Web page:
A new study from the Pew Internet & American Life Project finds that at the end of 2005, some 50 million Americans used online new sources during a typical day, and that broadband users are increasingly likely to use the Internet as a primary source of news.
The report distinguishes between dial-up and broadband users, finding that some 43 percent of Americans with home broadband connections are likely to use the Internet as a news source on a typical day, compared with just 26 percent of dial-up users. Broadband users are also somewhat less likely to use other forms of traditional media as a news source, with 57 percent of broadband users reporting they get news from local TV, compared to 65 percent of dial-up users. Just 38 percent of broadband users said they got news from a local paper, compared to 41 percent of dial-up users. (Amusingly, 17 percent of broadband users used on a national newspaper, compared to just 12 percent of dial-up users and 8 percent of non-Internet users.)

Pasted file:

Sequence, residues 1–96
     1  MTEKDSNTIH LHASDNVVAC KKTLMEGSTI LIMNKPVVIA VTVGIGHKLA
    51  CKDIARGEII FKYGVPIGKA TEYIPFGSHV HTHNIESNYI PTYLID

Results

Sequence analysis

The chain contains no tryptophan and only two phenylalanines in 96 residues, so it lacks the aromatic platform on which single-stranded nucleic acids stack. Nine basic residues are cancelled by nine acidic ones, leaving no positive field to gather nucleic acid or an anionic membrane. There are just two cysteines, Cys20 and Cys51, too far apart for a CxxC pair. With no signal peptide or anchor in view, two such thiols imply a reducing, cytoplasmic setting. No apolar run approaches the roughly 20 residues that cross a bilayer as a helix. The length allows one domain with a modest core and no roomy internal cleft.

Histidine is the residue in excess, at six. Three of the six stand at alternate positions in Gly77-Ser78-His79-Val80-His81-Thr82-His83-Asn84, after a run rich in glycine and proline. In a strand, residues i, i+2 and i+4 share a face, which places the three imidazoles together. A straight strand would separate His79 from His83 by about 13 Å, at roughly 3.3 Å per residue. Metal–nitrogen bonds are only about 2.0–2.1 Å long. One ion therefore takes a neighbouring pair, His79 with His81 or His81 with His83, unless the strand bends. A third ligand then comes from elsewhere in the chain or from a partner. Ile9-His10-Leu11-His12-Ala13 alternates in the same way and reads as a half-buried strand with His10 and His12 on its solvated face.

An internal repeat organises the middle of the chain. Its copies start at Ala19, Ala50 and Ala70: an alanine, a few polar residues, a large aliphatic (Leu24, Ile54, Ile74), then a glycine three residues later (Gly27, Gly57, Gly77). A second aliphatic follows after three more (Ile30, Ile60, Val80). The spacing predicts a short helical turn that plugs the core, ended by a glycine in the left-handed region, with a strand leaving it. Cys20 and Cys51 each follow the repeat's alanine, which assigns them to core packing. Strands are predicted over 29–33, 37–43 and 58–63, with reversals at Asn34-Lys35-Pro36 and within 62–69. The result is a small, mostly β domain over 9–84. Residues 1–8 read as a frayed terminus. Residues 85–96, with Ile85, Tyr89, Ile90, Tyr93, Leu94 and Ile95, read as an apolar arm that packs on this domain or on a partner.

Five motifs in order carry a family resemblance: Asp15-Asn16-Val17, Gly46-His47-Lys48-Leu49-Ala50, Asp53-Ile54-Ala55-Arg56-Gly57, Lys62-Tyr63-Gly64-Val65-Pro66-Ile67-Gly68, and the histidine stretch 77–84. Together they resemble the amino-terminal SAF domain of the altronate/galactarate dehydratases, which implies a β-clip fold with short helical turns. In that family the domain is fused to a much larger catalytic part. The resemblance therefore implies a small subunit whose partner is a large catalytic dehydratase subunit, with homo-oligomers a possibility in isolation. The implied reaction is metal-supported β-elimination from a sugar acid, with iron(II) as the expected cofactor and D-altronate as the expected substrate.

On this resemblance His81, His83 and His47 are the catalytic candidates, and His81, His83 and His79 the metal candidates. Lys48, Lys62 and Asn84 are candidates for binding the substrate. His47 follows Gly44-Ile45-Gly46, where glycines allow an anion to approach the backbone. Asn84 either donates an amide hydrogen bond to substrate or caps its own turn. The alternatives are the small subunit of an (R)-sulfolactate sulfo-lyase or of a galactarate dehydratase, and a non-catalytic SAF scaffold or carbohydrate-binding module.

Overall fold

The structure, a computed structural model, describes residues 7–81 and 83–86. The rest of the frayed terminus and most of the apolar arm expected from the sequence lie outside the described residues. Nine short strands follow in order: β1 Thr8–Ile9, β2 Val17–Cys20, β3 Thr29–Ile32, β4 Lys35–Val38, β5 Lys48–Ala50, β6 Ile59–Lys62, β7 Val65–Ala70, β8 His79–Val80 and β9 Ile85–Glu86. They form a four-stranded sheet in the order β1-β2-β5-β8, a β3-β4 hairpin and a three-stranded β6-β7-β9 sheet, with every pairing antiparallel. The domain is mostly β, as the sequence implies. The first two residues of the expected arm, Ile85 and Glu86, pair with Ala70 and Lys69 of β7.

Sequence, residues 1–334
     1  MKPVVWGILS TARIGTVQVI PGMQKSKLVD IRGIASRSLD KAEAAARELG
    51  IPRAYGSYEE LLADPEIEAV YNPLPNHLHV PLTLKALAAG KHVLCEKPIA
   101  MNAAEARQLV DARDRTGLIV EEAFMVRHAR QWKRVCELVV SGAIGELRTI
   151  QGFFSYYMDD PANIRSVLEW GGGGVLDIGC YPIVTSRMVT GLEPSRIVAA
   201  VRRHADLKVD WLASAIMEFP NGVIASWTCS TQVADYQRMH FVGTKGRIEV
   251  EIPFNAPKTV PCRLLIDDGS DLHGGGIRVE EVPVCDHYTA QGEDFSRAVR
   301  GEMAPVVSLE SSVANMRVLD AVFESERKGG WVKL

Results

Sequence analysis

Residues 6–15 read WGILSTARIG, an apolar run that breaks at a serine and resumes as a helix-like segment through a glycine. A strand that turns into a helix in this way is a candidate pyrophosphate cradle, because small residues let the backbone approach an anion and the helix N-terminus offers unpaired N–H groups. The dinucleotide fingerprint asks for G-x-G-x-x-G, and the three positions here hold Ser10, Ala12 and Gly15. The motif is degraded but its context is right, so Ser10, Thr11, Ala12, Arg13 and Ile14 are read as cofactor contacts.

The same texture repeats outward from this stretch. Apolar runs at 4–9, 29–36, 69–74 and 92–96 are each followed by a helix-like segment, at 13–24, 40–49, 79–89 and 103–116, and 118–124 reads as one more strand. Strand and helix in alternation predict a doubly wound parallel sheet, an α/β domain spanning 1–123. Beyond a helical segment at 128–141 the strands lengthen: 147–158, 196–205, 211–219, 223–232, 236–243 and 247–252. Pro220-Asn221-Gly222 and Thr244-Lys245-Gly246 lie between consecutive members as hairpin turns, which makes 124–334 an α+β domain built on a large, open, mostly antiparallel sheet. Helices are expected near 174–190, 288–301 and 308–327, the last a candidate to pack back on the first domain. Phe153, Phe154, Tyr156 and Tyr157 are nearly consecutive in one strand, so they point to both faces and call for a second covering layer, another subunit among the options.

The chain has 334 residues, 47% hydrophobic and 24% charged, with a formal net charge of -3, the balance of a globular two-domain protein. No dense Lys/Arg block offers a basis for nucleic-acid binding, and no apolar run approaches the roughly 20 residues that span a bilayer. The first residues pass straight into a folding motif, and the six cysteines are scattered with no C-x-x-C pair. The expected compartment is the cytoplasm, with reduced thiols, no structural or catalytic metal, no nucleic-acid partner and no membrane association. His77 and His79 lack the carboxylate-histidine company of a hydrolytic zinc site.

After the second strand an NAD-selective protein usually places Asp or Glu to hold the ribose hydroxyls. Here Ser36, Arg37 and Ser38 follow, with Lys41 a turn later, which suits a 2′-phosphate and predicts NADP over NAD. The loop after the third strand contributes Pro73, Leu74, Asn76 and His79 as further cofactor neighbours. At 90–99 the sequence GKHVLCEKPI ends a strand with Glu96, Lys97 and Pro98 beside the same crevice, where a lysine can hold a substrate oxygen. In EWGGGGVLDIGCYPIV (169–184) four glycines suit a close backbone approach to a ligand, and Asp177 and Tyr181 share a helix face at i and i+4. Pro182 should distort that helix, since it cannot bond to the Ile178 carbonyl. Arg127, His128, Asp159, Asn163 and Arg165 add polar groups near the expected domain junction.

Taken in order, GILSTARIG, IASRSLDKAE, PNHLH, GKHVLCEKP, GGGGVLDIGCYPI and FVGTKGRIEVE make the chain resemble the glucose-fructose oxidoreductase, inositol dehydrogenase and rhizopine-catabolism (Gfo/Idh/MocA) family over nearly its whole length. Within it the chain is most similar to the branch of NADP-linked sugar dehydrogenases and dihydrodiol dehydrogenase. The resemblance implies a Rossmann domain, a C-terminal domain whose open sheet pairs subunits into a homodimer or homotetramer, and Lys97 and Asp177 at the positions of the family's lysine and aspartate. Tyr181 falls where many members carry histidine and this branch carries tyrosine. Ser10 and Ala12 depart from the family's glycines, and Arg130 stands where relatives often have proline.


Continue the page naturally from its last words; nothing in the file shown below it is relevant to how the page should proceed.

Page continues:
The study also finds that, over time, consumption of online news has increased significantly, with just 19 million adults reporting using the Internet for news on an average day in March of 2000, compared to 44 million responding positively to the same question in December 2005. The study actually puts the number of daily Internet newshounds at about 50 million, or 31 percent of all American Internet users, since they expanded the number of news-gathering questions in their survey.
Internet news users also turn to a wide variety of online information sources, with national television news sites (e.g., CNN, MSNBC) being accessed by 52 percent of broadband users (and 40 percent of dial-up users), with portal sites (Yahoo, Google, etc.) and the Web sites of local papers and television stations rounding out the top four sources. Broadband users are also more likely to tune into blogs: some 12 percent report accessing news blogs, compared to just 6 percent of dial-up users.
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